Other important sites that can be visited are Dakshineshwar Kali Temple, Botanical Garden, Marble Palace, Tagore House, Church of St John, Nakhoda Mosque, Raj Bhawan, Town Hall, and St. Pauls Cathedral.
The most popular place to visit around Kolkata is Shanti Niketan. Situated 136 km northwest of the city, this is the place where Rabindranath Tagore lived and established a university.
Bishnupur, 100 km northwest of Kolkata, is yet another exciting and hitherto unexplored holiday destination. Bishnupur houses unique terracotta temples, each more beautifully embellished than the other. Bishnupur is renowned for its crafts such as intricate Balucheri saris, the rare ganijifa (circular Indian playing card), delicate carving on shells and bell metal artifacts.
Chandernagar (35 km) is the former French settlement that still abounds in buildings from that period of history. The important places to visit are the Quai Dupleix, Eglise Du Sacre,and image of Joan of Arc.
FAIRS AND FESTIVALS
To know and understand Kolkata in its eternity, one is invited to the city during Durga Puja - a time when Kolkata becomes unforgettable. Every year, for four days, Kolkata forgets its worries and yields to a paroxysm of celebration and worship. This is a special occasion because of the transcendent place Goddess Durga holds in the Bengali imagination.
Kolkata Book Fair is the largest in Asia and provides ample opportunities to the bibliophiles to explore the fascinating world of books. The event is held every year in the month of January or February.
Poush Mela is celebrated in the Shanti Niketan usually on the 22nd or 23rd of December. The three-day function marks the foundation of Shanti Niketan.
Other important festivals celebrated in the city are Kali Puja, Diwali, and Holi.
Kolkata can be described as a shopping paradise for them who really want to get value for their money. Every market, which has a crowded and dusty look, has its own history and specializes in something exotic and unique.
New Market, Kolkata's oldest and most renowned municipal market, offers one of the widest ranges of goods. Recently, a new complex has been added on Bertram Street to house the partially burntout section of the market. The market offers leather goods, plastic toys, fancy silverware, jewellery, garments, fabric, confectionery, clothing, dry fruits, poultry products, fish, meat, flowers etc.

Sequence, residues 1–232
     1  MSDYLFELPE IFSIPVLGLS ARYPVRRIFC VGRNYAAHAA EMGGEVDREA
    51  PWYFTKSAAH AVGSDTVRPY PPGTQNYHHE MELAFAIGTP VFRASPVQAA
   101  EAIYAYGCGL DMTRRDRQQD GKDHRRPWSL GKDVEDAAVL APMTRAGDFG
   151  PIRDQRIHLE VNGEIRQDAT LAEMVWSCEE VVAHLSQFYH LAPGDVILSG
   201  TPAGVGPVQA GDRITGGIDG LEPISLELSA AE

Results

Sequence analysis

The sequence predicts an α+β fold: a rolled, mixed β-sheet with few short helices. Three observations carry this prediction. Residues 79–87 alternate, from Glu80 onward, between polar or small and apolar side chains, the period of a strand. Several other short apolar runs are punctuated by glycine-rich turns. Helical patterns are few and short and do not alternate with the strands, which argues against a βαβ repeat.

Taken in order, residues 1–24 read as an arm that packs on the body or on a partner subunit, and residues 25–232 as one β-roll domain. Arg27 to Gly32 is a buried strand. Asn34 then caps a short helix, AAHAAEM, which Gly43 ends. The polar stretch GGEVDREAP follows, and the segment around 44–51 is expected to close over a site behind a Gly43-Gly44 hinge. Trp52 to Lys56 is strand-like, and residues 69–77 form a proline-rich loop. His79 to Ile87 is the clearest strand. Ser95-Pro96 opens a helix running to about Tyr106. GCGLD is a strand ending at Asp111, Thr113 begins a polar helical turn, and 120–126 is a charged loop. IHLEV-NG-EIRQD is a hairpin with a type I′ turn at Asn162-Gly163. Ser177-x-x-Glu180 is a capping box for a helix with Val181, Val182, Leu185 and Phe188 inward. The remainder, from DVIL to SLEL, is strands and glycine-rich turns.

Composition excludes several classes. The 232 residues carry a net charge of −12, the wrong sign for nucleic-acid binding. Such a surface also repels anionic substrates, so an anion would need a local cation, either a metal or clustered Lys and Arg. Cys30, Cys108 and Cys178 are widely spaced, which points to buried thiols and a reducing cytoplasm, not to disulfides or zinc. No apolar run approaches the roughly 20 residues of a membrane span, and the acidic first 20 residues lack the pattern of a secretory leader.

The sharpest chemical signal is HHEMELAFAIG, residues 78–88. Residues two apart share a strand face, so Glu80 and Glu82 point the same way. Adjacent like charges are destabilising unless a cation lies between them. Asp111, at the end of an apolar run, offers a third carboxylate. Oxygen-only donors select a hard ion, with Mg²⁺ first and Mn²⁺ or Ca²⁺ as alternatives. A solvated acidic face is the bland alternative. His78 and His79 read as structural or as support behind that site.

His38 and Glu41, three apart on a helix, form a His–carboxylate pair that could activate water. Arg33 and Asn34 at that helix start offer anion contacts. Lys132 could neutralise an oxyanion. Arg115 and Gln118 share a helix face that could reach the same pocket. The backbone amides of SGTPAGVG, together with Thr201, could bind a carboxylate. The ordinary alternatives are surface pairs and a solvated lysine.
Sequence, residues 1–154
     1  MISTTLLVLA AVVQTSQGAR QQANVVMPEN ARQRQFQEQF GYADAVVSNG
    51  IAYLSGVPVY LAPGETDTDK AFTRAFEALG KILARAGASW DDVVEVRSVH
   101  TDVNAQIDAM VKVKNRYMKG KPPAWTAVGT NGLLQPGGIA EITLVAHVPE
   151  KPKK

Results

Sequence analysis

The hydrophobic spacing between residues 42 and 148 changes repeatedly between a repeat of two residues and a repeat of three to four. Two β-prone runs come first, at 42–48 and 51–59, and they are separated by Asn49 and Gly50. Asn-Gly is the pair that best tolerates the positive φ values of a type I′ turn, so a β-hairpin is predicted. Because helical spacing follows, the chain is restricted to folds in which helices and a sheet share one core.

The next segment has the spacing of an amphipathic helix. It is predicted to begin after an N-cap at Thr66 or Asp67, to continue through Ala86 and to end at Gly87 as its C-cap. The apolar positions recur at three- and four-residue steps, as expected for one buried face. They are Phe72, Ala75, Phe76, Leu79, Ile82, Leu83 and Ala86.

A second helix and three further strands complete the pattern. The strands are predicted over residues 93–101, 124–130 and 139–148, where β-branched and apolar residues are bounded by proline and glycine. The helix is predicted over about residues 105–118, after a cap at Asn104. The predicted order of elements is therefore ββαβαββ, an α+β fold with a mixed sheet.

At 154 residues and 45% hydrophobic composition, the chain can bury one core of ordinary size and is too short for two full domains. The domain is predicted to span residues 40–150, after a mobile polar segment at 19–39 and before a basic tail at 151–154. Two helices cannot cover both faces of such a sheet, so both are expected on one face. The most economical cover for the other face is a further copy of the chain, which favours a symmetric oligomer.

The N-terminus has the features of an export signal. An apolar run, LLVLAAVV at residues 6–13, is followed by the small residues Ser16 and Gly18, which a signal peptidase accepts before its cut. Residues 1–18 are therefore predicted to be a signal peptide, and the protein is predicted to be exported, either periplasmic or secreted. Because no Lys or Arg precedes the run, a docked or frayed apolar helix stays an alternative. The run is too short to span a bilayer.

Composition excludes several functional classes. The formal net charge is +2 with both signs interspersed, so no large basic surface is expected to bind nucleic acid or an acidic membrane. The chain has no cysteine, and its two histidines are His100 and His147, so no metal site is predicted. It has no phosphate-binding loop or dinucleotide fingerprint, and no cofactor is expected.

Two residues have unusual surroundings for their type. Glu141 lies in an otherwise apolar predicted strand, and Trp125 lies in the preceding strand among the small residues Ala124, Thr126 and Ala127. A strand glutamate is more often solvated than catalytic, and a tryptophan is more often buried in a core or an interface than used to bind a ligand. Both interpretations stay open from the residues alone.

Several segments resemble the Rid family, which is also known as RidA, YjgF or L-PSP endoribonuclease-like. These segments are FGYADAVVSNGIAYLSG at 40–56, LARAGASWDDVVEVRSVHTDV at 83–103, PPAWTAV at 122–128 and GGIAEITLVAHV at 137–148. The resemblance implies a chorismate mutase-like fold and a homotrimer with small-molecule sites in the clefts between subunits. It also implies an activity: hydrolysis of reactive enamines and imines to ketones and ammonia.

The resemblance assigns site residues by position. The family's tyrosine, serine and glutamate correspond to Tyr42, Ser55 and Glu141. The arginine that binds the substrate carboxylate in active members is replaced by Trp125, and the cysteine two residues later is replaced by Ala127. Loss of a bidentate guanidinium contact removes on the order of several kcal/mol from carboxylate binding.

The air-conditioned market at Shakespeare Sarani specializes in clothes, novelties, artificial plants, jewelry, electronic household gadgets, watches, etc. For plastic toys, stationary, firecrackers, diaries, electrical goods and appliances, and glassware, one can visit Bagri Market. Bowbazar at B. B. Ganguly Street can be searched for wooden furniture and musical instruments. The best place to go for second-hand products is Chandni Market. China Bazaar is famous for its paper buntings, streamers, and other domestic goods. College Street is the best place to bargain for books. For imported goods, one can check out Five Star and Fancy Market. Dakshinapan Market houses most of the government emporia. The place is well known for its handlooms, textiles, handicrafts, cosmetic jewelry, fancy goods, object d'art, etc. For flowers, one can have a look on the Lake Market at Rash Behari Avenue.
HOW TO REACH
Kolkata is connected with most of the Indian cities by road. The Esplanade Terminus in the heart of the city is the main bus terminus.
Most of the domestic airlines have direct services to and from Kolkata to other important cities of India such as Delhi, Mumbai, Chennai, Patna, Varanasi, Lucknow, etc. Kolkata provides direct flights to most of the countries in the Southeast Asia. The airport in Kolkata is situated at Dumdum, around 17 km northeast of the city center.
Trains from the other parts of the country connect Kolkata. The city has two major railway stations - one at Howrah and the other at Sealdah.